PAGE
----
The 1947-1954 Nash Model 3148 is a tough character, but one you won't often come across. It was among only about 5,000 trucks built by Nash between 1947 and 1954 under its "Haul-Thrift" slogan, and they were mainly for export markets.

However, American Nash dealers could order them for their own use, and most that made it onto U.S. roads ended up as tow trucks.

Handsomely styled inside and out, the 1947-1954 Nash truck is one of the most interesting oddities of the early postwar years. Two types were initially offered: the 133-inch-wheelbase Nash Model 3148 and the 157-inch Nash Model 3248.

Identical otherwise, they weighed 4,810 and 4,887 pounds respectively, with cab. Gross Vehicle Weight was 14,000 pounds, or 15,500 when equipped with a two-speed rear axle and larger tires.

Styling of the 1947-1954 Nash Model 3148 was based on the 1946-1948 Nash car, but not identical: the grille, for example, was simpler and the lower portion did not wrap around the front fenders. Parking lights were round, not rectangular as on the car, and were mounted lower. A less ornate Nash badge decorated the hood.

The interior of the 1947-1954 Nash Model 3148 looked less spartan than most trucks of the day, and the engine-turned metal dash panel was especially handsome.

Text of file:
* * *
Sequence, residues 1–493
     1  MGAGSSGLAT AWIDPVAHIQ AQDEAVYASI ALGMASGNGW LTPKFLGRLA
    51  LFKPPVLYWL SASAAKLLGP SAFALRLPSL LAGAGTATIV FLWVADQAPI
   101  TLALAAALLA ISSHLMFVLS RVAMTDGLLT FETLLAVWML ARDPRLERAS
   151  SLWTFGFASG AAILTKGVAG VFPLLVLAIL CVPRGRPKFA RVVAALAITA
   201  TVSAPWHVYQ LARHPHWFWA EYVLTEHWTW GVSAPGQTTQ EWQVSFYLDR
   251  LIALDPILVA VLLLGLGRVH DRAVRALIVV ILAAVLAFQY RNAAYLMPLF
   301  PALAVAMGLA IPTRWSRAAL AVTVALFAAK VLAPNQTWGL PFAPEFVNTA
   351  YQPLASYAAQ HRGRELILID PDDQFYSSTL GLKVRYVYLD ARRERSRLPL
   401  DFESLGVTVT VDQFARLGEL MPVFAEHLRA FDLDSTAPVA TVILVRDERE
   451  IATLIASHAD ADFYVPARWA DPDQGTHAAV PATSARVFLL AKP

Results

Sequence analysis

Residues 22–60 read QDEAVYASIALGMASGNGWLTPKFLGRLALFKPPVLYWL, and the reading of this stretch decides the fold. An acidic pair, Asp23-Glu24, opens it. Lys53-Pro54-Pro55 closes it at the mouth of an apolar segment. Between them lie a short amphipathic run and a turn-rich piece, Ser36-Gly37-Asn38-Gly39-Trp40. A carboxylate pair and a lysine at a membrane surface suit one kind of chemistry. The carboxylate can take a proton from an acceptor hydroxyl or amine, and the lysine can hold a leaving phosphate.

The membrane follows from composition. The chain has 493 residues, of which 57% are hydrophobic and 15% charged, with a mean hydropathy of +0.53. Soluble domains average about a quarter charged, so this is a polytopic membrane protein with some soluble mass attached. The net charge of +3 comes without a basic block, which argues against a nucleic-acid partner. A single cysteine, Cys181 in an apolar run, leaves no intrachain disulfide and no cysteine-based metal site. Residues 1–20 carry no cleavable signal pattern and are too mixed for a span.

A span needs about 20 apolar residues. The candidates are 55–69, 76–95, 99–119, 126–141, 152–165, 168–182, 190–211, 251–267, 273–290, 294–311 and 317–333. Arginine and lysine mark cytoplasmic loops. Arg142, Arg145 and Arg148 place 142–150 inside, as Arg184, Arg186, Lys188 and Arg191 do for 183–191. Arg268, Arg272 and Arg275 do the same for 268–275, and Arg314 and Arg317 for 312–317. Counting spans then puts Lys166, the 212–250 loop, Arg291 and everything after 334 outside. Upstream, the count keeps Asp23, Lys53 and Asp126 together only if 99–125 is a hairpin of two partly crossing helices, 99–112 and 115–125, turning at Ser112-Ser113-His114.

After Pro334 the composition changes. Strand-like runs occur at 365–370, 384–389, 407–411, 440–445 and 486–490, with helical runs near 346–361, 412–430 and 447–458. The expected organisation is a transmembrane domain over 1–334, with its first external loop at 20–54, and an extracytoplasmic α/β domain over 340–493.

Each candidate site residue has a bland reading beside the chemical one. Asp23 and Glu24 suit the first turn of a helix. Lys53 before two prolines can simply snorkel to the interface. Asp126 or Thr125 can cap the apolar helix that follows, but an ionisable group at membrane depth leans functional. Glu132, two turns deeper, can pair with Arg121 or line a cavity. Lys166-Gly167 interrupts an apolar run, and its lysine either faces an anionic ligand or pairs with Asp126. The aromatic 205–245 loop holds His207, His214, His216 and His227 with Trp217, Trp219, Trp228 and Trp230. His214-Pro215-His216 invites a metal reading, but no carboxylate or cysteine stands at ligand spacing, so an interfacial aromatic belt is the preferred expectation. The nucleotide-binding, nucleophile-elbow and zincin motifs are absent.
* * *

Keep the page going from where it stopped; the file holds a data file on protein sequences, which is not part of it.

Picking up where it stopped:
Power came from the 234.8-cid, overhead-valve Ambassador six, which gave Nash a leg up on most of its competitors, especially overseas. But this was no short-stroke, high compression engine; it developed only 104 bhp, eight less than the Ambassador car, and churned out 195 lbs/ft of torque at 1,700 rpm.

Nash recommended double-clutching the four-speed transmission. Powertrain options for 1947-1954 Nash Model 3148 included a five-speed and a Timken two-speed Double Reduction Hypoid Vacuum Shift Rear Axle, which gave the truck eight forward speeds.

Standard tires on the 1947-1954 Nash Model 3148 were eight-ply 7.00 x 20s that required 55 pounds of air pressure. Options ranged up to 10-ply 8.25 x 20s.

Timken-Detroit furnished the front and rear axles, Ross the cam and twin lever steering gear, Lockheed the front brakes, and Timken the rears. Leaf springs went at all four corners.

Collectible Pluses of the 1947-1954 Nash Model 3148
  • Rare and desirable
  • Nicely styled outside, well executed inside
  • An eye-stopper at any show
Collectible Minuses of the 1947-1954 Nash Model 3148
  • Body parts so rare that most replacements need to be fabricated
  • Very hard to find

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